“Every friend I have is in the same boat. Who would be able to give me money?” she said. “I don’t have doctor friends. I don’t have lawyer friends.”
I thought we were gonna have a job to go back to, but I guess not.
That’s what Vanessa Cordero posted under the title: #nowork coronavirus.
Until recently, Cordero, 31, worked at a Regency Theatre in Commerce. She spent Saturdays at the East L.A. Skills Center, training to be a school custodian, hoping for a job with the L.A. Unified School District. Then the theater was forced to shut and she got laid off and told she’d have to reapply for her job. Meanwhile, her classes went online and the school district closed, leaving her prospects less promising for an immediate job doing summertime deep cleaning after she gets her certificate in June.
Cordero lives at her dad’s house in Boyle Heights, which he’s afraid of losing, she says. He’s a welder in construction and is now making parts for hospitals (a contract whose details he won’t tell her), but he’s bringing home less money. Cordero hasn’t received federal or state help yet. She’s waiting. She said she hoped to give the GoFundMe money to her father. But, like Wall, she got no contributions, probably because she didn’t tell anyone she knew.
“I felt embarrassed in a way,” she told me about asking for money, “because no one in my family does that.”
It happened. Coronavirus hit hard and I lost all sources of income.
Jake Bender, 24, is one of the lucky ones. He asked for $500 on GoFundMe last month and received just slightly over that amount. He wasn’t shy about sharing his campaign — and nine people, mostly from his hometown of Conrad, Mont., came through. He arrived here to be an actor after college, two years ago. He’s made ends meet in the gig economy, working now and then for a home staging company, driving for Lyft and doing odd jobs for TaskRabbit. But all his income sources dried up with the shutdown. The last time he drove for Lyft, he says, he made $4 in two hours. One day in March, he earned $40 moving a very heavy dresser.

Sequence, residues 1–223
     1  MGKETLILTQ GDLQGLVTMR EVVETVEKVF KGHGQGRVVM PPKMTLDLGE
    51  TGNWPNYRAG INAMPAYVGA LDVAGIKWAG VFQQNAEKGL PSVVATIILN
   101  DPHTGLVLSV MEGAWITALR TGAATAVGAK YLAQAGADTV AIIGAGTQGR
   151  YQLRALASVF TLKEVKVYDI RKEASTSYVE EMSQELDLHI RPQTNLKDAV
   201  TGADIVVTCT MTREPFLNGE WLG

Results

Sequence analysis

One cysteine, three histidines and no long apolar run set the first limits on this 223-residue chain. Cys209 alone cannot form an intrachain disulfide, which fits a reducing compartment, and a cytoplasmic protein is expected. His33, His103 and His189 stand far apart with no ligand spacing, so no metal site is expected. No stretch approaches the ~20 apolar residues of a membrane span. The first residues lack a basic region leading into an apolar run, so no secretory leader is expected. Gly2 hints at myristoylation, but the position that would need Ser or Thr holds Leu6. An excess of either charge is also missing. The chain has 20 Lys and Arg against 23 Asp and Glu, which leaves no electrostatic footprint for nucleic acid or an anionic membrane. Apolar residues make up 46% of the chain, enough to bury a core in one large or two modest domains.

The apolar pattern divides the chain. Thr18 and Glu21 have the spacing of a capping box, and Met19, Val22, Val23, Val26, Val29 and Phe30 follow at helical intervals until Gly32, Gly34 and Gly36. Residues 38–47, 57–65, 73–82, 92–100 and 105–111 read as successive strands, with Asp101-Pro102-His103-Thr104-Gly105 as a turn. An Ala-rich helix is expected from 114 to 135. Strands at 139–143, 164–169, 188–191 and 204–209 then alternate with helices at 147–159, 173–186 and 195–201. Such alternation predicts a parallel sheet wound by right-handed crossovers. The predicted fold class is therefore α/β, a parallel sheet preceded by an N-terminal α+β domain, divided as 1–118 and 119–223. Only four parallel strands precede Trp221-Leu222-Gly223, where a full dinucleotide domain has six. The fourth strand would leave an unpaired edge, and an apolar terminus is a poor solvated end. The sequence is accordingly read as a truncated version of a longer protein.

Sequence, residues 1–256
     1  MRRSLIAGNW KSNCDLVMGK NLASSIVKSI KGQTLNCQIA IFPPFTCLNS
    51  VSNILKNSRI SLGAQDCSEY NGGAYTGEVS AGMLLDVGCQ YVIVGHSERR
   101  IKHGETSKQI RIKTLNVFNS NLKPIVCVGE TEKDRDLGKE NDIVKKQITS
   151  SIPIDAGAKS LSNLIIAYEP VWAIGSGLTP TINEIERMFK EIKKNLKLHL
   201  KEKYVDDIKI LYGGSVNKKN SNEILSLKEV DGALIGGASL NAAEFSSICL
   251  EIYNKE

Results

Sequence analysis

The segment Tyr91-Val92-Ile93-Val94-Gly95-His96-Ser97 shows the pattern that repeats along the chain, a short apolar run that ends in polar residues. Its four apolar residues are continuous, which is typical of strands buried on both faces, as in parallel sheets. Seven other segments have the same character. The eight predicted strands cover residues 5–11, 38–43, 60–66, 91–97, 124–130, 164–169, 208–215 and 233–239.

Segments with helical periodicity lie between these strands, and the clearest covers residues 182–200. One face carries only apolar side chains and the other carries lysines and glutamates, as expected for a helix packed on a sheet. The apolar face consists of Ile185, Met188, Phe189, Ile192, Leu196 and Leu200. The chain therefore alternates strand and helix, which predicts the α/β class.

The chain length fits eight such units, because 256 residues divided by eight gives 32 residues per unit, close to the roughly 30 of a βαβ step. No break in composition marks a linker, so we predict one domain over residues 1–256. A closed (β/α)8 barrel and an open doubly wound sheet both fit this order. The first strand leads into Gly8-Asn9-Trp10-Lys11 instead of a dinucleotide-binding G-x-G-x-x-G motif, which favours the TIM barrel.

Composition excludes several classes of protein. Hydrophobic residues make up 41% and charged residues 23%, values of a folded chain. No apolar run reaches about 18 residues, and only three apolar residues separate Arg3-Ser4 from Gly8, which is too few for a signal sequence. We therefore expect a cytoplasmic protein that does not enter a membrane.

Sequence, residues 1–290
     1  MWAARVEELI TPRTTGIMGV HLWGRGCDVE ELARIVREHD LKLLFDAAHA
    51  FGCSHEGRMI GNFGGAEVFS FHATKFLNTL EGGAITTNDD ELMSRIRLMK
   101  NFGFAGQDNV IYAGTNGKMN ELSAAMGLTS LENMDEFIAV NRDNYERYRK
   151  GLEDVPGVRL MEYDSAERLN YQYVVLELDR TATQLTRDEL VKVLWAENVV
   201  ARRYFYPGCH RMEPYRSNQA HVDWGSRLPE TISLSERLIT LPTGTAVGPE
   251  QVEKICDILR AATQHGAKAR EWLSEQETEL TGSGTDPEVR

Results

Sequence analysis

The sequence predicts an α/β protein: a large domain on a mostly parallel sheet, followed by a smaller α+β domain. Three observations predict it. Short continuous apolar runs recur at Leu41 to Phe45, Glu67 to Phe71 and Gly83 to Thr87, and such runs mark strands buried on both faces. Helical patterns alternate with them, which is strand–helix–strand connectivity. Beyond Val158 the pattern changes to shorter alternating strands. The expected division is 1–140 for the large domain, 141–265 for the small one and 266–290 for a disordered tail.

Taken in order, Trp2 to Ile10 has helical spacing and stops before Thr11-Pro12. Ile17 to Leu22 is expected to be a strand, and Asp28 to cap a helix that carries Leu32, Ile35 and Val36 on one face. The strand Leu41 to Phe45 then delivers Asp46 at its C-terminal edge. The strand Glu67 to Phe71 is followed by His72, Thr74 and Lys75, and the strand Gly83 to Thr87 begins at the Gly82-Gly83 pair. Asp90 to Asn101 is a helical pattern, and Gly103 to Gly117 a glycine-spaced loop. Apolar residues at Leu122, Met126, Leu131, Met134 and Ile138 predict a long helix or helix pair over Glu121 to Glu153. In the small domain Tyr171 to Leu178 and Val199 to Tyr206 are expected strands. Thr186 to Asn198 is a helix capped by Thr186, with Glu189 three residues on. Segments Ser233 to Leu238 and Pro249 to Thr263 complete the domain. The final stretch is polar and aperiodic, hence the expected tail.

The GoFundMe money helped him cover his $920 share of his Los Feliz apartment’s rent last month. When I spoke to him on Thursday he had $920 to his name — just enough to pay the rent due Friday. Early on, his mother sent him a big care package of ramen, Velveeta Shells & Cheese and Tuna Helper. The other day he found a bargain at the store: $4 for three chicken breasts. Meanwhile, he still has a student loan, a car payment and car insurance to pay. And he has yet to get his first unemployment money.
Gloves people buy to protect themselves from coronavirus now are littering our streets. What does that say about us?
Lost my job because of corona. I need this money to pay parts of bills to stay afloat. Anything will help please.
At the beginning of last month, Ulises Ramirez, 27, was furloughed from his job managing a shoe store in Commerce. He had about $1,000 in savings at the time. And even though the company paid out his vacation time, he’s now down to $400 in savings and about the same in his checking account. He shares an apartment in Whittier with friends, paying $550 a month.
With his roommates all working from home though, he’s moved in with his mother and his sister in East L.A. He has credit card debt and loans. Except for his car payment, he says, he’s having trouble getting payments deferred. He still hasn’t heard anything about his unemployment application filed on April 12 and doesn’t even know if it went through.
Meanwhile, he’s received no GoFundMe donations, even though he shared his campaign on social media. In his working-class world, he says, everyone is hurting.
“There’s an avalanche of GoFundMe’s like mine,” he said. “And you can’t ask your neighbor, you can’t ask a friend.”
So you cry out in the dark and hope somebody, somewhere is listening.